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Comment Re:(facepalm time) (Score 1) 177

It's never happened to me personally, but I've seen and heard about several examples where this has happened. You're absolutely right, dealing with the press is a minefield.

Actually, the guy who interviewed me was exceptionally diligent in trying to make sure he got things right, but apparently that paraphrase still came off wrong (the book was further excerpted for that online thing that was posted here). I'm hoping it only looked that way here and not that, you know, a thousand people are reading the book in hardcopy and thinking, "God, what a douchebag." :-(

What I've seen Google do is have their engineers actively recruit people who write tech blogs that sound like they know their shit. You can also scour forums like Stack Overflow or look at open source projects. Also, the whole idea that you need to actually be in Silicon Valley to work instead of telecommuting is silly in 2011.

Yeah exactly, we definitely did all of those things, but we needed more ways (Google could obviously hit the high-profile people better than us, so we wanted to go for truly hidden gems). Telecommuting is generally fine (Facebook does it now) but at the time we were so small that it was important to have everyone in the same office. Even if you allow telecommuting, it's still hard to identify the people just because you're in California and they're in who-knows-where.

Comment Re:(facepalm time) (Score 5, Informative) 177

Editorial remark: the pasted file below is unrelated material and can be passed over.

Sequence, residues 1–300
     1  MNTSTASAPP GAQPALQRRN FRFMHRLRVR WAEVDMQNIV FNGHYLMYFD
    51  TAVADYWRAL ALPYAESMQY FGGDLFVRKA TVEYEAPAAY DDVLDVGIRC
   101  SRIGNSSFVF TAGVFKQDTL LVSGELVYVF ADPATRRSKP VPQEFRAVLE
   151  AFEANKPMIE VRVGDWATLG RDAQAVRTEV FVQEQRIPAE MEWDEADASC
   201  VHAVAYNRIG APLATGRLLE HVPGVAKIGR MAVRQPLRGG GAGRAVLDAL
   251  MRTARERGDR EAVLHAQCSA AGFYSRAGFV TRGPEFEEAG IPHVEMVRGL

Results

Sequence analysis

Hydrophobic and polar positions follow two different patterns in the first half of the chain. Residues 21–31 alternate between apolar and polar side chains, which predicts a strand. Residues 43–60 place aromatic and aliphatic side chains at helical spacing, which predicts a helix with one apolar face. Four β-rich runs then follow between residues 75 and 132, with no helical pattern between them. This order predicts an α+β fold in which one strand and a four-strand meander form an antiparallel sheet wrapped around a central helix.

Hi, I'm Yishan Wong. First, has anyone else here ever been quoted in a book or online publication and had it end up making you look like a douche when that's not at all what you meant? Especially when you spent like hours talking to your interviewer and they paraphrase it down into words you didn't actually say? Well, please don't hate until it's happened to you. Secondly, I should obviously clarify. The quote makes it sound like we were thinking, "By Jove, what if it's possible that there's intelligent life outside of Silicon Valley!" That's not what we were thinking! C'mon! Rather, the situation is more like this: it's pretty obvious that there are great engineers everywhere. The problem is, if you're a startup in the Valley, your recruiters don't go looking outside the Valley for you. It's just this insular thing where everyone is trying to recruit (poach) from everyone else. It becomes a zero-sum game of talent competition for a limited pool. We were this tiny startup that no one took seriously so we couldn't compete against the other players in the Valley (e.g. Google, who was crushing everyone else at the time at recruiting). So instead, we're like, "Okay, we should figure out a way to get all the talented people *outside* the Valley to join us, because we can't win the in-Valley echo-chamber local recruiting game." The problem is, as I noted above, recruiters aren't really going to work very hard trying to find some random guy in Portland, Maine, they just try to hand you resumes of local people at other Silicon Valley companies (especially the kinda-crappy contingency recruiters we were working with back then - we were small, we didn't have uber-headhunters with a global reach or anything). So we needed a way to reach these "brilliant people" "languishing in ordinary tech jobs who hadn't made it to Silicon Valley." The recruiters don't even know to look there. If you're brilliant and you're in the Valley, the recruiting machine is so strong that you'll inevitably get swept up into some company or other. But if you're in some podunk town and you're brilliant, that's not likely to happen. You just get a regular tech job where you end up being unusually productive. No recruiter is going to come looking for you, because recruiters look for big-name experience keywords (e.g. "did he work at Microsoft/Google/Apple" etc) or sexy technology keywords on your resume. If you're brilliant but in an ordinary tech job, you might have not have the Hadoop keyword on your resume (you might not have an online resume at all because hey, you have a fucking job already) because your crappy ISP job doesn't need to crunch terabytes of data. But you're still smart enough to do it. I know this because I'm from Minnesota, and before I happened to move to Silicon Valley because a girl I liked said that I should, I worked at an ordinary tech job just like Evan Priestley (the guy they mention in the article), where I was just an unusually productive guy. So we needed to find people like that, because the current system wasn't doing it, even though it was obvious to all of us from the Midwest or wherever that smart people are hidden in little pockets everywhere. So yeah, we "developed this theory that occasionally there were these brilliant people out there who hadn't found their way to Silicon Valley." Unfortunately I guess it came out sounding like the opposite of what we meant. :-/ ---- PS: if you're reading this while procrastinating your crappy job at a small-time firm where all your work is too easy for you and you're like the smartest guy there, you're basically who I'm talking about. ;-)

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